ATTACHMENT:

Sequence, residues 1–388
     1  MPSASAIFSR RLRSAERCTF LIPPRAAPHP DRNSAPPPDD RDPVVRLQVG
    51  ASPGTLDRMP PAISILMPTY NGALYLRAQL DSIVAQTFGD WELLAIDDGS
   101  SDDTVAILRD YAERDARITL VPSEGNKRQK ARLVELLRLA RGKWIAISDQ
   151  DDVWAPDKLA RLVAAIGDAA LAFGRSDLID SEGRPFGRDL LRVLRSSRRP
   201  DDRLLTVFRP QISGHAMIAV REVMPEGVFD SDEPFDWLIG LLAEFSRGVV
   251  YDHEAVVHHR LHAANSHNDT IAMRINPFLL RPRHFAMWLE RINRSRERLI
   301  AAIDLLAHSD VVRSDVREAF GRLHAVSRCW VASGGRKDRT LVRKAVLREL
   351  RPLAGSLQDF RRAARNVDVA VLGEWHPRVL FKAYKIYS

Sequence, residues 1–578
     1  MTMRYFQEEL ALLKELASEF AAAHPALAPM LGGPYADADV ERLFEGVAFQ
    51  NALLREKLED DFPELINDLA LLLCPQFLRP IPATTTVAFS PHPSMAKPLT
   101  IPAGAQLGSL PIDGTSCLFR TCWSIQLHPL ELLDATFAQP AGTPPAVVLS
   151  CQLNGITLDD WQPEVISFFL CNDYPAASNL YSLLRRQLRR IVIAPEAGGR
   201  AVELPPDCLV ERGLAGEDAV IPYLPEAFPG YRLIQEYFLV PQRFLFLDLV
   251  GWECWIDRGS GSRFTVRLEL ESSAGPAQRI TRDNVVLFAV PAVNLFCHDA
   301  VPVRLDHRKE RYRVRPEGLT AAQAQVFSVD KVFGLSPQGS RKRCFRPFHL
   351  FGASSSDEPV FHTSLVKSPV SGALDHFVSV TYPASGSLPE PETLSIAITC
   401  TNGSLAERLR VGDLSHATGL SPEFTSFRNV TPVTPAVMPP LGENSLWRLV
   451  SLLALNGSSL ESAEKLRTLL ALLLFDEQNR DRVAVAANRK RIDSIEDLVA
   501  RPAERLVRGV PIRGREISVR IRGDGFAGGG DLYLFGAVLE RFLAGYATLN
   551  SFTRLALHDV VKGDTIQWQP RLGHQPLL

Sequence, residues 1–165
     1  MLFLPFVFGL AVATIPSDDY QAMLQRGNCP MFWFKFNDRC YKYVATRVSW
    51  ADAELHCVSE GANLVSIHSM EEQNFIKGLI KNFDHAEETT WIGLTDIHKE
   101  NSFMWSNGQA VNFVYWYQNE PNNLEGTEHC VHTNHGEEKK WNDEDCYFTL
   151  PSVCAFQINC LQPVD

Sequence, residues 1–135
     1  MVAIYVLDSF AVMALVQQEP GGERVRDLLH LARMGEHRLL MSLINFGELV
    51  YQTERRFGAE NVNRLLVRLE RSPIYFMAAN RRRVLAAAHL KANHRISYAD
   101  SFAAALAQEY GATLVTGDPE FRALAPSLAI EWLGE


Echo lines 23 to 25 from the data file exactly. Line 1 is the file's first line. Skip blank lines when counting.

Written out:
Sequence, residues 1–165
     1  MLFLPFVFGL AVATIPSDDY QAMLQRGNCP MFWFKFNDRC YKYVATRVSW
    51  ADAELHCVSE GANLVSIHSM EEQNFIKGLI KNFDHAEETT WIGLTDIHKE